BettyGoHard - Taking the Intimidation out of Action Sports - providing the tools & information to build confidence, skills & friendship to help women of all ages, levels and lifestyles Get Out and Be Active!
Being a young aspiring female athlete today is full of great opportunities. I was just checking through my mail this morning and came across an update from Roxy about the latest Champ Camp held by Lisa Anderson. The camp was about helping up and coming female surfers take their surfing to the next level.
From camping in Cardiff to Costa Rica, some of the best amateur girl surfers from Latin America and the US came together for a Lisa Andersen Champ Camp at Playa Negra to push each other and learn from the best.
4x World Champion Lisa Andersen identified the top surfers from a selection of online video entries and gave these “future champs” a one of a kind experience. Special guest Sofia Mulanovich—Latin American legend and previous World Champ—joined Lisa Andersen in Costa Rica to provide hands on coaching, instruction, and video analysis that helped advance the girls’ surfing.
Living the life of a professional surfer seems like a dream come true, however like all things in life nothing is given and these girls had to work hard at the Champ camp. The waves were perfect keeping the stoke high, which is what you need to get up at 5am, get out in the surf for 6am followed by video and one-on-one coaching from Lisa and Sofia. Breakfast didn’t come until 9, and was followed with more surfing and technical analysis and feedback. In the afternoon came cross-training—the future champs practiced yoga and learned the importance of stretching and surf exercises. The daily video review allowed Lisa Andersen to break down everything for the girls and play-back waves and help critique the girls’ surfing. Lisa and Sofia also provided the future champs with media training and interviewing, preparing them for their career as a professional surfer.
The camp was a great success with Nikki Viesins (FL), claiming 2nd place at the East Coast Surfing Championships in the women’s pro division shortly after the Champ Camp and Leilani McGonagle, claiming two national titles in Costa Rica just 5 days after the camp! Plus keep your eyes out for Tatiana Weston-Webb (HI) Surfing America National Champion, Lucia Cosoleto (Argentina), Melanie Guina and Vania Torres who surf for the Peruvian National Team, Leilani Aguirre (Peru), Adela Recordon (Chile) all looking for spots on the tour in the near future.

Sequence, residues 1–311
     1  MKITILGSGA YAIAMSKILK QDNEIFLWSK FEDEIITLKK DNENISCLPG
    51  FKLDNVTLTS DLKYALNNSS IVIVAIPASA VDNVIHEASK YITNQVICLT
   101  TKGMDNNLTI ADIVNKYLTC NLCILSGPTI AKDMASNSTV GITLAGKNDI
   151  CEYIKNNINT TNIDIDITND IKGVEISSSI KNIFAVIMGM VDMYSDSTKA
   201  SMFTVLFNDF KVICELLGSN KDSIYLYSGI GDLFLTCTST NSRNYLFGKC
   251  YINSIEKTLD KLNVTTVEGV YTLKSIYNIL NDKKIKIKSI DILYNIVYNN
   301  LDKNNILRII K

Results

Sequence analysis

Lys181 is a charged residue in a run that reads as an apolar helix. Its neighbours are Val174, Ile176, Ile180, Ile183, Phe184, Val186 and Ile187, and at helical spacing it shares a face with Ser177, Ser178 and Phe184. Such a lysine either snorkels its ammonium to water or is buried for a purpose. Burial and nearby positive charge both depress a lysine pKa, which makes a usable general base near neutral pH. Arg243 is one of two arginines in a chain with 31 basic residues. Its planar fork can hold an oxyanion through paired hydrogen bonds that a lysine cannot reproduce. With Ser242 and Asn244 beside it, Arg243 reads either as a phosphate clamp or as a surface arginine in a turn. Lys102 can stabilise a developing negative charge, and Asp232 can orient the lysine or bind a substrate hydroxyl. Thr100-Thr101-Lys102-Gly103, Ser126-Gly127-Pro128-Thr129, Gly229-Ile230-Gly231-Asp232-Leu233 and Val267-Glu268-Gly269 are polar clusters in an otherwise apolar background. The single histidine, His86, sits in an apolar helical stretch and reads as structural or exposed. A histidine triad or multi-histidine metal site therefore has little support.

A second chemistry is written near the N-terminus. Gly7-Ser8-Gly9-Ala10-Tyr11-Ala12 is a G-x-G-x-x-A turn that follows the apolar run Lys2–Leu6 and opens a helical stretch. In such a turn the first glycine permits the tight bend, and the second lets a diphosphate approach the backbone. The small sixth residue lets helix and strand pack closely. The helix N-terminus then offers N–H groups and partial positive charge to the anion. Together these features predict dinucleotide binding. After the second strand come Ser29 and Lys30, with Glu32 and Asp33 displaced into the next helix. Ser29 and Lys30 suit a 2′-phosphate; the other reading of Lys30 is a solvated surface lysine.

Whether it is surfing, snowboarding, mountain biking or any other action sport the girls are taking center stage and showing the guys that we are stepping it up. These up and coming girls are holding their own and laying down tricks that the average guy would love to be able to do!! With more Champ camps being held and the older girls providing opportunities for the younger girls I am excited to be apart of the future of Women's Action Sports!
Yesterday Carissa Moore competed in her first heat at the Vans World Cup of surfing.
Up against the boys Carissa was pitted against Sunny Garcia (13.93) def Mitchel Coleborn (10.00), Carissa Moore (7.83) and Alain Riou (5.60). Unfortunatly, Carissa's heat was plagued with a lack of waves from the beginning and after a brief flurry of waves where Carissa posted her first scores, the surfers spent the rest of their heat waiting for a chance to post a score. The waves she did catch were impressive showing the crowd that she could stand her ground with the boys and given one of the waves that Sunny or Mitch got they would have been in trouble!
Can't wait to see her out there again and hopefully she gets another chance to ruffle the boys feathers in future competitions now she has points on the board it is just a matter of time before we see her in with the boys again.
Check out her heat here.
Check out this great video of Carissa leading up to her first competition with the boys at the Reef Hawaiian Pro last week at Haleiwa.
She did awesome, although she did not get through her first heat it was not due to her lack of skill or ability! It was all about getting the few good waves coming through and unfortunatly she was not able to get one to show the judges what she could do! Here is the footage from her heat.
Carissa is up again in the second competition of the Triple Crown, the Vans World Cup keep an eye out for her in Heat 14, Round of 96 - Watch it Live here
HONOLULU, Hawaii (November 10, 2011) - Assigning a coveted wildcard for the most prestigious men’s pro surfing series on Earth to a woman could be viewed as contentious, but not if that woman is reigning ASP world surfing champion Carissa Moore. After all, Carissa has been competing against the world’s best women since she was 11 years of age – about the same time she was competitively mixing it up with her male peers like John John Florence and Kolohe Andino in a bid to push her performance level higher.